As a kid, Brown had several creative pursuits that ranged from acting to sewing, but never cooking (via "When I was little, growing up in the South, you know, my mom and my granny and my aunts — they were all really great cooks. But I was a tomboy, and I wanted to be outside playing. I ain't care nothing about cooking and being in nobody kitchen," Brown told NPR. Brown only started cooking when she moved in with her husband.

She called her mom or grandmother for recipes and learned through trial and error. Somewhere along the way, Brown started to enjoy the process. This passion stayed with her, even after she turned vegan in 2017. "It became fun for me. And I was excited to try new recipes, and figure things out, you know, it was just discovering a new me," said Brown (via Goodful). 

Brown still considers herself a "new vegan," as she's always discovering new spices, herbs, and even mushrooms. "I ain't a chef. But I do love to cook," she said (via Goodful).

Besides recipes, Tabitha Brown posts inspirational videos

When you're having a rough day, scrolling through Tabitha Brown's TikTok could be exactly what you need. Brown uses her social media platform to lift her followers up and say it's all going to be okay.

Brown has a newfound appreciation for life, and she spreads those good vibes onto social media. "Every day I wake up, that's inspiration for me. I was sick for a long time. I had a resting headache and chronic fatigue, and many days I didn't think I would wake up. When you've been to that dark place and you come out of that, every day is a gift. To be able to be in this moment, in a sound mind and a healthy body, I don't really need anything else," she told LA Times

None of her videos is rehearsed, either. "I don't want to edit. I want them to get exactly what I give them," she told ET. The format appears more like a one-way conversation with a friend who genuinely cares and signs off with, "Have a good day, and even if you can't, don't go messing up nobody else's."

Tabitha Brown has her own show

Tabitha Brown's instant popularity on TikTok during the beginning of pandemic now seems like just a teaser, given the opportunities that have come her way since then. For one, Brown signed with Creative Artists Agency — one of the most influential talent agencies in Hollywood, according to Observer, which represents A-list artists like The Weeknd — in April 2020. According to Brown's Instagram post, it was a 15-year-old dream that came true. She was also featured in Vanity Fair's July 2020 issue, and later that year appeared in on Red Table Talk where she showed Jada Pinkett Smith how to make pot roast with jackfruit.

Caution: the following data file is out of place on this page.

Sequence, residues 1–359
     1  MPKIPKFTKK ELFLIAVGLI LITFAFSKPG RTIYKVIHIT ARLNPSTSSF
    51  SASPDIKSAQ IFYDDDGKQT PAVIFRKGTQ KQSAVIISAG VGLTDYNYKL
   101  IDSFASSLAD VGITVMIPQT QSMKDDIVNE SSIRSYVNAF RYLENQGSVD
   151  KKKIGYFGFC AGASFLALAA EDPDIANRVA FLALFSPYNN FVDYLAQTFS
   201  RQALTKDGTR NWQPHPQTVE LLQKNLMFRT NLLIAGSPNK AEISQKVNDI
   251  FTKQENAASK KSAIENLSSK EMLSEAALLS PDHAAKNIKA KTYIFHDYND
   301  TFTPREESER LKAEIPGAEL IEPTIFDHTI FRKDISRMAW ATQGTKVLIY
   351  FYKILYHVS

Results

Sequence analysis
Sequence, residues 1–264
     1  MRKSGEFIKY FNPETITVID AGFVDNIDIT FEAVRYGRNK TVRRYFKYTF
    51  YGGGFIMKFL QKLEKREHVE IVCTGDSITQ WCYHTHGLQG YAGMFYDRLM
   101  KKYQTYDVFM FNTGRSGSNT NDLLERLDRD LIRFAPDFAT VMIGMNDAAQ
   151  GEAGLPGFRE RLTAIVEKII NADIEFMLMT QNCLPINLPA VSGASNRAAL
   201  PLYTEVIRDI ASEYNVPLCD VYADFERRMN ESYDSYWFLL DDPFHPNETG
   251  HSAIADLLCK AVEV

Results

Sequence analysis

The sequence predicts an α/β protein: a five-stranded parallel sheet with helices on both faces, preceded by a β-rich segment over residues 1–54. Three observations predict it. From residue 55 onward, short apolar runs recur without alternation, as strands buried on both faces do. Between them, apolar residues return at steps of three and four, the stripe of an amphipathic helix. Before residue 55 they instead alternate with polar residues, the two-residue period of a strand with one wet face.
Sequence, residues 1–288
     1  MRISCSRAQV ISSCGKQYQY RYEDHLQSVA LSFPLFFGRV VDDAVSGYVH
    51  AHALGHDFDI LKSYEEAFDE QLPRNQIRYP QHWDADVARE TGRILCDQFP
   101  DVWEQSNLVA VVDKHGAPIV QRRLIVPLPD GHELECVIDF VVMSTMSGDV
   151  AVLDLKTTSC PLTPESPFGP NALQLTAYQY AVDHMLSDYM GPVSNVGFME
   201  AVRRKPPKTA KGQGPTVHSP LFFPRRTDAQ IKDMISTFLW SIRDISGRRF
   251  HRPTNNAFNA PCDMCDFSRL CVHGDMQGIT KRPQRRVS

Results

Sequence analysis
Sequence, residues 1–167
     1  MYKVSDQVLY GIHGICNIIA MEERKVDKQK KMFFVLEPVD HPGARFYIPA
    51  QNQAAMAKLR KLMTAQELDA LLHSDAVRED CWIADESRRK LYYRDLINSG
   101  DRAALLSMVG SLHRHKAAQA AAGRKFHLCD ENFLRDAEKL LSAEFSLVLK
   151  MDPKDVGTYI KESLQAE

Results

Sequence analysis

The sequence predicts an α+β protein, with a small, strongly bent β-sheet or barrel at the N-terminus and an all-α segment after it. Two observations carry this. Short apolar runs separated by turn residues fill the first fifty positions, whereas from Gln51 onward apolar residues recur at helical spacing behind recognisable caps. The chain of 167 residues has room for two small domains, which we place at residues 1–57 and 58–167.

While the world was on COVID-19 lockdown, Brown launched her own show, All Love on ellentube, where, much like in her TikTok videos, she gives advice on relationships, self-care practices, and vegan recipes. Brown, who has previously played cameo roles in Switched at Birth and Will & Grace (via IMDB), also scored a role in Season 4 of Emmy winner Lena Waithe's The Chi (via VegNews). In addition, there's a comedy show (via LA Times) and a cookbook in the works (via Essence). If you are a Tabitha Brown fan, now might be a good time to master her air fried okra recipe for binge-watch snacks.

Tabitha Brown has a name for her hair

Tabitha Brown named her hair "Donna," and according to Brown, Donna has a "very strong personality." Brown used to press her hair to look long and straight: "I would press the life out of Donna," Brown said in a video on her YouTube channel. That is, until she did a "big chop." According to Brown, hair is energy, and a "big chop" makes room for new energy (via OWN).

Having grown up watching her aunt do hair for ladies in her community in North Carolina, Brown learned how to do presses, locks, and twist outs at a very early age. In fact, she turned her skills into a side hustle when she moved to LA back in 2004. So when Brown, who also uses her platform to support the CROWN Act that abolishes hair discrimination at school and in the workplace, found a bald spot growing at the back of her head, she knew she had to do something about it. It was while researching for natural oils and all-vegan products in the market when she realized she can come up with one herself (via Tabitha Brown's YouTube Channel).

So, she got herself a business partner and came up with Donna's Recipe in 2021, which is an all-vegan hair growth system that works for all types of hair.

Tabitha Brown's family members are featured in her videos often

None of Tabitha Brown's family members are camera shy. Brown is a mother to three children: Choyce, Queston, and her husband's daughter Tyleah (via The Netline).

According to one of Brown's videos on her YouTube channel, she and her husband Chance have known each other since fifth grade. They attended the same middle school in Eden, North Carolina. They never got into an official committed relationship until both were in different colleges in different States — Brown was in Miami, and her husband in North Carolina. But they've been a couple since 1998, and married for 17 years as of 2020 (via Tabitha Brown's Instagram).

Brown has always had the support of her husband who runs an organization called Team Chance Basketball that builds "relationships with kids ages 5-12 thru the fundamentals of basketball!" Brown and her husband host a YouTube series called Fridays with Tab and Chance, and Brown hosts another one with her kids called Very Good Mondays.

While eight-year-old Quest and a pro track athlete-aspirant Tyleah are now recognizable faces, thanks to their mom's burgeoning popularity, Choyce has her own fan following. She's a model and was featured in the March 2020 cover of the Dream Teen Magazine.